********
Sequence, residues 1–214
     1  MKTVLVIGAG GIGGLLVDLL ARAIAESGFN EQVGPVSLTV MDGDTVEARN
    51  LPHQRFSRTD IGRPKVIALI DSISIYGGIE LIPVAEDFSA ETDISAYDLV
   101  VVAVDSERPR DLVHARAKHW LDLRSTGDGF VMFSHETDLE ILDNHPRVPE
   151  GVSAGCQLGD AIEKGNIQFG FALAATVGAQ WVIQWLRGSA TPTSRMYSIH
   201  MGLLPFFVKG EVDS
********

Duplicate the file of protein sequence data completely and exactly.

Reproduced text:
Sequence, residues 1–214
     1  MKTVLVIGAG GIGGLLVDLL ARAIAESGFN EQVGPVSLTV MDGDTVEARN
    51  LPHQRFSRTD IGRPKVIALI DSISIYGGIE LIPVAEDFSA ETDISAYDLV
   101  VVAVDSERPR DLVHARAKHW LDLRSTGDGF VMFSHETDLE ILDNHPRVPE
   151  GVSAGCQLGD AIEKGNIQFG FALAATVGAQ WVIQWLRGSA TPTSRMYSIH
   201  MGLLPFFVKG EVDS